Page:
We found Samsung's 2011 Galaxy Note an odd device: it was unwieldy for everyday use as a phone thanks to its 5.3in. screen, and its clever S Pen input showed promise but didn't quite deliver enough.
The 10.1in. Galaxy Note 10.1 also supports stylus input, and sits in direct competition with Samsung's Galaxy Tab 2 devices — although it's more expensive. The Wi-Fi only Galaxy Tab 2 10.1 currently sells for £264 (ex. VAT) SIM-free, while the Wi-Fi and 3G version costs £349 (ex. VAT). The equivalent Galaxy Note 10.1 models cost £335 and £420 (ex. VAT) respectively.
The Galaxy Note 10.1 is very similar in appearance to the Galaxy Tab 2 10.1. The distinctive pair of speaker grilles on the front are a trademark, and their location is welcome since it means you can't accidently cover them with your hands.
The Galaxy Note 10.1 looks very similar to the Galaxy Tab 2 10.1, but includes an S Pen stylus.
Our review sample's white screen bezel (there's also a grey version) has silver (dark grey on the other version) edging that extends into the back to frame the 5-megapixel rear camera. The majority of the backplate is white (or grey), very shiny and probably prone to scratching — although it doesn't attract fingerprints. It flexes a little when pressed, but not enough to cause real concern.
The Galaxy Note 10.1 comes in white or grey. The main camera at the back is a flash-equipped 5-megapixel unit.
The general look and feel doesn't match the quality of the third-generation iPad or Asus Transformer Pad Infinity, for example, although it's superior to that of low-end tablets. Considering the price of the Galaxy Note 10.1, we expect better.
The 10.1in. screen delivers good viewing angles and is bright enough, but the resolution, at 1,280 by 800 pixels or 149 pixels per inch (ppi), is disappointing. Asus manages 1,920 by 1,200 (224ppi) on its Transformer Pad Infinity, while Apple delivers 2,048 by 1,536 pixels in a 9.7in. screen (264ppi) on the third-generation iPad. Samsung's flagship smartphone, the Galaxy S III, delivers a similar resolution — 1,280 by 720 pixels — in a much smaller 4.8in. screen, giving more than double pixel the density at 306ppi (but not as high as the iPhone 5's 326ppi — 640 by 1,136 pixels in a 4in. screen).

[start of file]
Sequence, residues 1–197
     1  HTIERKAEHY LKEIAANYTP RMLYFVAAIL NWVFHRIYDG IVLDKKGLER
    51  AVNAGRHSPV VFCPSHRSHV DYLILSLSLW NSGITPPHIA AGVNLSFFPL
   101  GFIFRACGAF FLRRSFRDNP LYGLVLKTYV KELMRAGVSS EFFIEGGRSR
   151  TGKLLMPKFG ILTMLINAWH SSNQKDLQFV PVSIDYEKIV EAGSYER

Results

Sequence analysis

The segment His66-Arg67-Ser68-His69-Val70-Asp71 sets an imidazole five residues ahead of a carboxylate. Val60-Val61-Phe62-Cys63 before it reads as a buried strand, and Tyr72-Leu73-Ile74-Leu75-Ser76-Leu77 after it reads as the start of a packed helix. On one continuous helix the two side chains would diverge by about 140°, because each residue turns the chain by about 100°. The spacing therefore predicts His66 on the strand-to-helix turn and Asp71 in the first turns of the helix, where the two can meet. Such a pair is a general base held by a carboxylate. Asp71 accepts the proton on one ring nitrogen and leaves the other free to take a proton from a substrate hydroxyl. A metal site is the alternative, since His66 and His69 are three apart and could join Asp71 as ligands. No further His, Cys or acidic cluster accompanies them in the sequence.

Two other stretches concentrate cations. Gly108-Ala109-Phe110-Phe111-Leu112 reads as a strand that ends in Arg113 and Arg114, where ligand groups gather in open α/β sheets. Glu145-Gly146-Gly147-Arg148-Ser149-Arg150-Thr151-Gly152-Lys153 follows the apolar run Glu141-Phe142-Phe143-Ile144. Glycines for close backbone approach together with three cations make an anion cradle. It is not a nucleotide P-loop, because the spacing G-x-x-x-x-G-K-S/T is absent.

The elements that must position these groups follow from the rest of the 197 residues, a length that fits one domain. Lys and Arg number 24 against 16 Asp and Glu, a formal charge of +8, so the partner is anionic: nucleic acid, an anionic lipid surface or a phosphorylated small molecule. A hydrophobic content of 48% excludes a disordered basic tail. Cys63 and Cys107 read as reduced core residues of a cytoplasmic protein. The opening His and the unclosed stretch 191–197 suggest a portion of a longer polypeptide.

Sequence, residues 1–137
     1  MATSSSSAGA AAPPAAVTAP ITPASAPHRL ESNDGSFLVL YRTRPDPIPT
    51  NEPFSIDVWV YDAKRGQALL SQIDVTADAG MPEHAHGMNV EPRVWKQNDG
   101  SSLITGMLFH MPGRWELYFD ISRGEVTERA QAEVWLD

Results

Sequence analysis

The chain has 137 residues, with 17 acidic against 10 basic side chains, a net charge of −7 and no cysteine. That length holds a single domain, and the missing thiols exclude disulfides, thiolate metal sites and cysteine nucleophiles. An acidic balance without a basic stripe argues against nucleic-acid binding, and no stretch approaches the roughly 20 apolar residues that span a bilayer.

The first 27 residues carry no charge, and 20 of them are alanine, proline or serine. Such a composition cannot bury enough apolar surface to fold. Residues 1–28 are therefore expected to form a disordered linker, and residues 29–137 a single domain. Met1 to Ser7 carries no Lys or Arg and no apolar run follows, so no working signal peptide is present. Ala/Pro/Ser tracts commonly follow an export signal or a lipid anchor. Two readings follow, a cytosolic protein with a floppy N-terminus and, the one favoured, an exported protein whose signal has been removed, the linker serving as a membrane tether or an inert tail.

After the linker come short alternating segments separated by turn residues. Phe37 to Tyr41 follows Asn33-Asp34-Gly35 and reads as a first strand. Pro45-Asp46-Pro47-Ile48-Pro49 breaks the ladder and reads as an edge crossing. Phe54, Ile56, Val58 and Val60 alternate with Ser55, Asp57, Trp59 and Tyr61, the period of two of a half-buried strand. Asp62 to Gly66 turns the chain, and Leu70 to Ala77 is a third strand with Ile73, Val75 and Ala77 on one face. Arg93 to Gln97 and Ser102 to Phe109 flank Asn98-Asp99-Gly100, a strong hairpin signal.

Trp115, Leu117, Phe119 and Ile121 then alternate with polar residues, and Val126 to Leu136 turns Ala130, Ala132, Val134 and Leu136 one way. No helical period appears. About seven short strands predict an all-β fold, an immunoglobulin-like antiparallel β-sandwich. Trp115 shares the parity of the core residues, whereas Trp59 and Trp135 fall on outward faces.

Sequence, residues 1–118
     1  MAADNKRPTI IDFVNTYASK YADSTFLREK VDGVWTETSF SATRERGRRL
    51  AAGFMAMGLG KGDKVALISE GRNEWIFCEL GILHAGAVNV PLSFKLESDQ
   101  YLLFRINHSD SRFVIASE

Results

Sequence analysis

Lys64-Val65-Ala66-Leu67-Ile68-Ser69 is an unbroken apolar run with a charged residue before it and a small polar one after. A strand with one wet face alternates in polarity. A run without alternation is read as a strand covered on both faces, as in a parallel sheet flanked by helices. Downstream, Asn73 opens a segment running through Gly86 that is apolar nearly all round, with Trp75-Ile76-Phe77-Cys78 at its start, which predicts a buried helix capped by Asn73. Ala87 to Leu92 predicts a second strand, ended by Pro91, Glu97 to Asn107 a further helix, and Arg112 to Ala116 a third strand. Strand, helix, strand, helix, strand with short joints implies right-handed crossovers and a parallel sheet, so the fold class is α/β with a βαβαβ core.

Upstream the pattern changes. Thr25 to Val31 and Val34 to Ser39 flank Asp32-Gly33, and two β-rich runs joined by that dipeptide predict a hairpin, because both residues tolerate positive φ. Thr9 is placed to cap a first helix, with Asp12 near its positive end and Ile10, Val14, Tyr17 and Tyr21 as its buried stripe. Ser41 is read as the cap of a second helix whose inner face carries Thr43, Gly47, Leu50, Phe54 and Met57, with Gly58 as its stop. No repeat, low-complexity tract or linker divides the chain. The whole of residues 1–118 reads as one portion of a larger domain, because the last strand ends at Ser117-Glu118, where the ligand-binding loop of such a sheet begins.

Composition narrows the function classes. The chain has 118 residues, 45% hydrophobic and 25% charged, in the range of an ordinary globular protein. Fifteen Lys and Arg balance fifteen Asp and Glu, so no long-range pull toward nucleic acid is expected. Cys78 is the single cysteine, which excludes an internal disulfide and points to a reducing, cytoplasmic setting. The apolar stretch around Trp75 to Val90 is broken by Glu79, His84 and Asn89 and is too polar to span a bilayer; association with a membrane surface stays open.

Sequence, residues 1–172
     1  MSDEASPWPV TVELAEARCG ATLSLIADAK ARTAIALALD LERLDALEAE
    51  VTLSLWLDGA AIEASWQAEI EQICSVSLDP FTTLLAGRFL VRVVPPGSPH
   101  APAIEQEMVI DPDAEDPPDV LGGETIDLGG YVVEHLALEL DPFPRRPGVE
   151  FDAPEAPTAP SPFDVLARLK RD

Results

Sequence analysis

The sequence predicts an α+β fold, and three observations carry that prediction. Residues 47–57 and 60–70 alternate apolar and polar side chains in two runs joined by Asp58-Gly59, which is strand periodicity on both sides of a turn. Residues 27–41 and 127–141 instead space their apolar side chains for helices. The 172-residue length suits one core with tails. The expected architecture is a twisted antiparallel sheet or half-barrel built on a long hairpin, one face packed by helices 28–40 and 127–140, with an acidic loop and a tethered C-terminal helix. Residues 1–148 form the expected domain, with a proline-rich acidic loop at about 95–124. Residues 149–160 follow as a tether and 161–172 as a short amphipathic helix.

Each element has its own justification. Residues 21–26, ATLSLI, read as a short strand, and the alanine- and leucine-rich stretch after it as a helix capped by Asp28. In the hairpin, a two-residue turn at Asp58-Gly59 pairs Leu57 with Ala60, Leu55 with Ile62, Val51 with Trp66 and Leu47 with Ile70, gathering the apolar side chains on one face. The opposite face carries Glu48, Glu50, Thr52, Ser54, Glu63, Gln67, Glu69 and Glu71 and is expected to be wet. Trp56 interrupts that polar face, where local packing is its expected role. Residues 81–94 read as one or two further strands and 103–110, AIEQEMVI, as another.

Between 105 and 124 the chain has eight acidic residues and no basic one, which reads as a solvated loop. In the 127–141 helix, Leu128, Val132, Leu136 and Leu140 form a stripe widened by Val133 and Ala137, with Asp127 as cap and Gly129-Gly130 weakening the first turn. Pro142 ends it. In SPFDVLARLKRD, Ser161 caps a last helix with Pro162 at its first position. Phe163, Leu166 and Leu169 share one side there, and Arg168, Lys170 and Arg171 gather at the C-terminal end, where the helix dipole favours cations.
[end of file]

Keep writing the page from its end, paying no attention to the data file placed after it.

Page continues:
The Galaxy Note 10.1 weighs 597g for the Wi-Fi only version and 600g for the Wi-Fi+3G option; it's a shade heavier than the Galaxy Tab 2 10.1 and significantly lighter than the latest iPad, which weighs 652g (Wi-Fi) or 662g (Wi-Fi+3G).
The Galaxy Note 10.1 runs on a 1.4GHz quad-core Exynos 4410 processor supported by 2GB of RAM — this is the first time we've seen more than 1GB of RAM in any tablet or smartphone. Dual-band (802.11a/b/g/n) Wi-Fi and Bluetooth 4.0 are integrated as standard, and you can have 3G mobile broadband as an option. There is 16GB of internal storage, of which 11.66GB was free on our review sample. A microSD slot lets you add more storage capacity.
Samsung uses a proprietary port for battery charging and PC connection, which is irritating. There's no Micro-USB port, so you really don't want to mislay that Samsung cable.
Charging and PC connection is via a proprietary 30-pin connector on the underside. The top of the device carries a SIM card slot, a headset jack, an infrared port, a covered microSD card slot, a volume rocker and the power button. HDMI out is via a separate (optional) adapter for the 30-pin connector.
The charger/PC connector is on the bottom edge of the Galaxy Note 10.1, with all the remaining ports and slots on the top. There's a covered microSD card slot, a power button, a volume rocker, a headset jack and a SIM card slot. The lack of an HDMI port for video out is disappointing — you'll have to buy a separate £25 (ex. VAT) adapter for the 30-pin connector to enable this.
Harking back to the days when infrared was common on mobile phones and laptops, there's a small infrared 'eye' on the top edge of the device — Samsung includes Peel Smart Remote, which turns the Galaxy Note 10.1 into a remote control for your TV.
The S Pen stylus lives in a housing on the chassis. Irritatingly, it only fits one way into its housing — the law of averages suggests you won't guess right every time.